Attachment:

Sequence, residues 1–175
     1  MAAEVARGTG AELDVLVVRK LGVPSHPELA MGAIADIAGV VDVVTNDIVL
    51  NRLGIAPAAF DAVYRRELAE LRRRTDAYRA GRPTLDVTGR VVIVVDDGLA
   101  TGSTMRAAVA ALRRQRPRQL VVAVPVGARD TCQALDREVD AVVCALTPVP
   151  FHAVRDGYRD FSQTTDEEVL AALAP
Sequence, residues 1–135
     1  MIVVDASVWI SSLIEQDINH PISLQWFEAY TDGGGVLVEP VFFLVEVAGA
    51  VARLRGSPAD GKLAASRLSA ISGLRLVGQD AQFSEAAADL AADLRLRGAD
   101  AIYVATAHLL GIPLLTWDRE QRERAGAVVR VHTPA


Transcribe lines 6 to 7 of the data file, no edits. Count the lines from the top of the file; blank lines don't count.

Sequence, residues 1–135
     1  MIVVDASVWI SSLIEQDINH PISLQWFEAY TDGGGVLVEP VFFLVEVAGA